Psychiatric manifestations of nonconvulsive status epilepticus.
ABSTRACT Nonconvulsive status epilepticus (NCSE) is clinically characterized by altered mental status and the diagnosis is confirmed by electroencephalography. Absence status (AS) and complex partial status (CPS) are the two primary types of NCSE. Patients in NCSE may exhibit a wide range of clinical presentations including subtle memory deficits, bizarre behavior, psychosis, or coma. While prognosis is dependent on the underlying etiology and possibly related to duration of the event, there is limited research in this area. Treatment focuses on correcting underlying pathologic abnormalities such as hyponatremia or drug toxicity, and initiating pharmacologic therapy. The benzodiazepines are considered the first line treatment for both AS and CPS.
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ABSTRACT: Temporal lobe epilepsy (TLE), a subset of the seizure disorder family, represents a complex neuropsychiatric illness, where the neurological presentation may be complemented by varying severity of affective, behavioral, psychotic, or personality abnormalities, which, in turn, may not only lead to misdiagnosis, but also affect the management. This paper outlines a spectrum of mental health presentations, including psychosis, mood, anxiety, panic, and dissociative states, associated with epilepsy that make the correct diagnosis a challenge.01/2012; 2012:163731. DOI:10.1155/2012/163731
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ABSTRACT: Nonconvulsive status epilepticus (NCSE) has different clinical presentations, from minimal confusion to bizarre behavioral manifestations, psychosis or coma. As a result, patients can sometimes be misdiagnosed and labeled as psychiatric cases. The patient was alert and disoriented in time, with disconnection episodes, generalized slowness, slow mental response, faltering language and slow answers. A differential diagnosis between dissociative status and NCSE was proposed. The physical and neurological examinations were normal. The cranial CT scan findings were normal. Only the EEG provided the definitive diagnostic data, consisting of generalized spike and wave discharges of 2-3 Hz against a desynchronized background. Diagnosis of NCSE requires the availability of an EEG. Often patients are on the border between medical conditions and mental disorders. Observation of the disease evolution and an open-minded attitude of physicians are necessary for the correct diagnosis and treatment.Actas espanolas de psiquiatria 03/2012; 40(2):93-6. · 0.76 Impact Factor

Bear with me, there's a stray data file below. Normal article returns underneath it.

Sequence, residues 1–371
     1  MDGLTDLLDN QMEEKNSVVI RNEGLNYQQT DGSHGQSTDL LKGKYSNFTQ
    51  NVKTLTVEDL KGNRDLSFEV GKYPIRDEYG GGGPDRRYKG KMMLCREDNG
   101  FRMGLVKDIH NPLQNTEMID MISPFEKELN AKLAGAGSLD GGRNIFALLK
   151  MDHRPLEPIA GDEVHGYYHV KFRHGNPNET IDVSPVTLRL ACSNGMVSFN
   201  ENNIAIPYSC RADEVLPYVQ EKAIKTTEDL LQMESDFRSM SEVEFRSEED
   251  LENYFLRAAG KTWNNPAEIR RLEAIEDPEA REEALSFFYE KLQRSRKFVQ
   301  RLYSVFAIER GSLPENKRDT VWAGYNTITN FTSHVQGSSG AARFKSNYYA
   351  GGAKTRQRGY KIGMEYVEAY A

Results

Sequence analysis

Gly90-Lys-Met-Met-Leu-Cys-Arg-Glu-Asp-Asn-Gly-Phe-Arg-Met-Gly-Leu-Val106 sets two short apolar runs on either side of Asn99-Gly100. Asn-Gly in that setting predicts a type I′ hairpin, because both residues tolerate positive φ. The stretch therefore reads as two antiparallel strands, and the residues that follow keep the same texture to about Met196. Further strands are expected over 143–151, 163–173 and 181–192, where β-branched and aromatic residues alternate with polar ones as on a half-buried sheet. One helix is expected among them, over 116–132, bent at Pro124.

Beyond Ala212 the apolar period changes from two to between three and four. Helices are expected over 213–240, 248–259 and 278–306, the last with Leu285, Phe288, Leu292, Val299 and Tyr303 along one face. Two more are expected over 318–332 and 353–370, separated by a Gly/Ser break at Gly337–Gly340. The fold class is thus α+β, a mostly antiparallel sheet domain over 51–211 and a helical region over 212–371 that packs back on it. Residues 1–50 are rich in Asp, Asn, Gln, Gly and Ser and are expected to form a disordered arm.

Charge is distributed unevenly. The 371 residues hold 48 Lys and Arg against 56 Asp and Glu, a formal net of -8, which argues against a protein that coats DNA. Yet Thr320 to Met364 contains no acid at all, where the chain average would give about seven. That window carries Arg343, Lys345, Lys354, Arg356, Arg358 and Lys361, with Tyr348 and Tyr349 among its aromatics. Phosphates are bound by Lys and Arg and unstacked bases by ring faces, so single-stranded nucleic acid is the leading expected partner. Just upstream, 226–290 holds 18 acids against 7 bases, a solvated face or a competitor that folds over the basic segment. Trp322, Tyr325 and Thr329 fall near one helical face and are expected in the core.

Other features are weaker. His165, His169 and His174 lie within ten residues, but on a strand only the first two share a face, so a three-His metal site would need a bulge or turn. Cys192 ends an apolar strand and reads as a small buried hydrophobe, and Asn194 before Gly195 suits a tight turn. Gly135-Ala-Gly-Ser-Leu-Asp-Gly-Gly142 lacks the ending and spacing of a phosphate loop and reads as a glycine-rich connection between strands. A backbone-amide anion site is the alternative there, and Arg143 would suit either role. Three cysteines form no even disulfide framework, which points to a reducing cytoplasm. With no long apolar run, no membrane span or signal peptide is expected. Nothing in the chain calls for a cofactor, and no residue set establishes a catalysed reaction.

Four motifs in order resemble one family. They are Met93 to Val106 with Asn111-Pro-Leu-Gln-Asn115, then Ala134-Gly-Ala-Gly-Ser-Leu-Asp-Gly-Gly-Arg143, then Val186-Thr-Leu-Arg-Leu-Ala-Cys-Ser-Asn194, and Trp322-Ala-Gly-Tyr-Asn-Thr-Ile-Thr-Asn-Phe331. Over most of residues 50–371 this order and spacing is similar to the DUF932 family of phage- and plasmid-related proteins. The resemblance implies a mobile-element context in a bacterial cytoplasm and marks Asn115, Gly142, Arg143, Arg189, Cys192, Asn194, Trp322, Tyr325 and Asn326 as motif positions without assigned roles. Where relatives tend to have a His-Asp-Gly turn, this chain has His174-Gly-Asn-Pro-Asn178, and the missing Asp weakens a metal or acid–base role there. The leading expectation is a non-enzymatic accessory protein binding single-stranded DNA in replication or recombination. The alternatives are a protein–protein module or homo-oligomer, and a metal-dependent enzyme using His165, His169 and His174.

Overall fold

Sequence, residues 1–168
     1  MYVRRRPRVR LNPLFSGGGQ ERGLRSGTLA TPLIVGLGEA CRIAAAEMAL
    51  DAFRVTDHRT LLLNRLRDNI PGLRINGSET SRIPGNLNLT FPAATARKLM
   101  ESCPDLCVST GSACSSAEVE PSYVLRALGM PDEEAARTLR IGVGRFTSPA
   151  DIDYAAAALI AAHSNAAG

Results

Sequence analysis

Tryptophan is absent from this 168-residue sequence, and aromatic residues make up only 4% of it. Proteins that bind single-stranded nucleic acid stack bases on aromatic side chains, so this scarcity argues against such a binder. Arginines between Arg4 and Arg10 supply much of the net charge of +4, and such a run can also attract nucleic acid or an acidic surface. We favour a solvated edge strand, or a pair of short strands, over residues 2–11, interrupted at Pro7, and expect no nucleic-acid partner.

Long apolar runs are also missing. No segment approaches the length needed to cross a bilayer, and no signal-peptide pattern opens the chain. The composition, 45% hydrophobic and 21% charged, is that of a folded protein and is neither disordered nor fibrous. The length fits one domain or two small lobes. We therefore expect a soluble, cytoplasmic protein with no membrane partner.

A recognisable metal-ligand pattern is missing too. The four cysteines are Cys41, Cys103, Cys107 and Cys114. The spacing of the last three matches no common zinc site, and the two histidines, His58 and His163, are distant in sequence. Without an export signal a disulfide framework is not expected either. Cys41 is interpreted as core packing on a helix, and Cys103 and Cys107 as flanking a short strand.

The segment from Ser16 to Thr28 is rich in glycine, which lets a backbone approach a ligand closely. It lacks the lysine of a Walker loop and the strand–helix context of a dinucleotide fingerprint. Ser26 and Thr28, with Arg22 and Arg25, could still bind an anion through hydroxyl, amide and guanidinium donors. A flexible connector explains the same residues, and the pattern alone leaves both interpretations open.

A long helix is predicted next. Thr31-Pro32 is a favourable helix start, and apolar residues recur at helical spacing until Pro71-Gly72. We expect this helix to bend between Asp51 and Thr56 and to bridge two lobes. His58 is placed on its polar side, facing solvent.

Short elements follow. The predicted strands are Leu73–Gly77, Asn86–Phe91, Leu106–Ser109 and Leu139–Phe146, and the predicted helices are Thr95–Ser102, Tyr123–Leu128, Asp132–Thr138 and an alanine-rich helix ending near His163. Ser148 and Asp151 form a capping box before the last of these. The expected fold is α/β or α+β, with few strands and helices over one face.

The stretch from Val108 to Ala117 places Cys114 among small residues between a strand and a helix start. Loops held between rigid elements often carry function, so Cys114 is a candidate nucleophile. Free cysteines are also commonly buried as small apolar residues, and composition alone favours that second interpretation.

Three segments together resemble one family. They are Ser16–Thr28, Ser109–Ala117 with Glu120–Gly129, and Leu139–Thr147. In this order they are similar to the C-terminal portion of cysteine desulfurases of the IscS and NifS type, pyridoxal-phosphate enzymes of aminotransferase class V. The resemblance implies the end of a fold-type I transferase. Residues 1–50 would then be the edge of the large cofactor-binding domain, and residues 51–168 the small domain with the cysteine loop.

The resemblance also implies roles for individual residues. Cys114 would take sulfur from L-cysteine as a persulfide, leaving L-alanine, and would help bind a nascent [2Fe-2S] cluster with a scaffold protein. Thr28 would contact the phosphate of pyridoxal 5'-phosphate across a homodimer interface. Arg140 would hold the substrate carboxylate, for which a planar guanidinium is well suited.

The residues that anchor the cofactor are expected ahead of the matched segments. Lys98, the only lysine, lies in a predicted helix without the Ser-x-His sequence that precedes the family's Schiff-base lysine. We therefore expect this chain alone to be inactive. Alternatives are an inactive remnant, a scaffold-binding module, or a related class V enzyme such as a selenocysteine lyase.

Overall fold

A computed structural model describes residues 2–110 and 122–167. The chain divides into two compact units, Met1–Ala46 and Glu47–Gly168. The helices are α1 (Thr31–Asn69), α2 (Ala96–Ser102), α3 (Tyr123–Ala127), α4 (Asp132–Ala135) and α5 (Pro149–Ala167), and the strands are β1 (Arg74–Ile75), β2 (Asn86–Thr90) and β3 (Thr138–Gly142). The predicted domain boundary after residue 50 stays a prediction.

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ABSTRACT: Background We describe and characterize the performance of microEEG compared to that of a commercially available and widely used clinical EEG machine. microEEG is a portable, battery-operated, wireless EEG device, developed by Bio-Signal Group to overcome the obstacles to routine use of EEG in emergency departments (EDs). Methods The microEEG was used to obtain EEGs from healthy volunteers in the EEG laboratory and ED. The standard system was used to obtain EEGs from healthy volunteers in the EEG laboratory, and studies recorded from patients in the ED or ICU were also used for comparison. In one experiment, a signal splitter was used to record simultaneous microEEG and standard EEG from the same electrodes. Results EEG signal analysis techniques indicated good agreement between microEEG and the standard system in 66 EEGs recorded in the EEG laboratory and the ED. In the simultaneous recording the microEEG and standard system signals differed only in a smaller amount of 60 Hz noise in the microEEG signal. In a blinded review by a board-certified clinical neurophysiologist, differences in technical quality or interpretability were insignificant between standard recordings in the EEG laboratory and microEEG recordings from standard or electrode cap electrodes in the ED or EEG laboratory. The microEEG data recording characteristics such as analog-to-digital conversion resolution (16 bits), input impedance (>100MΩ), and common-mode rejection ratio (85 dB) are similar to those of commercially available systems, although the microEEG is many times smaller (88 g and 9.4 × 4.4 × 3.8 cm). Conclusions Our results suggest that the technical qualities of microEEG are non-inferior to a standard commercially available EEG recording device. EEG in the ED is an unmet medical need due to space and time constraints, high levels of ambient electrical noise, and the cost of 24/7 EEG technologist availability. This study suggests that using microEEG with an electrode cap that can be applied easily and quickly can surmount these obstacles without compromising technical quality.International Journal of Emergency Medicine 09/2012; 5(1). DOI:10.1186/1865-1380-5-35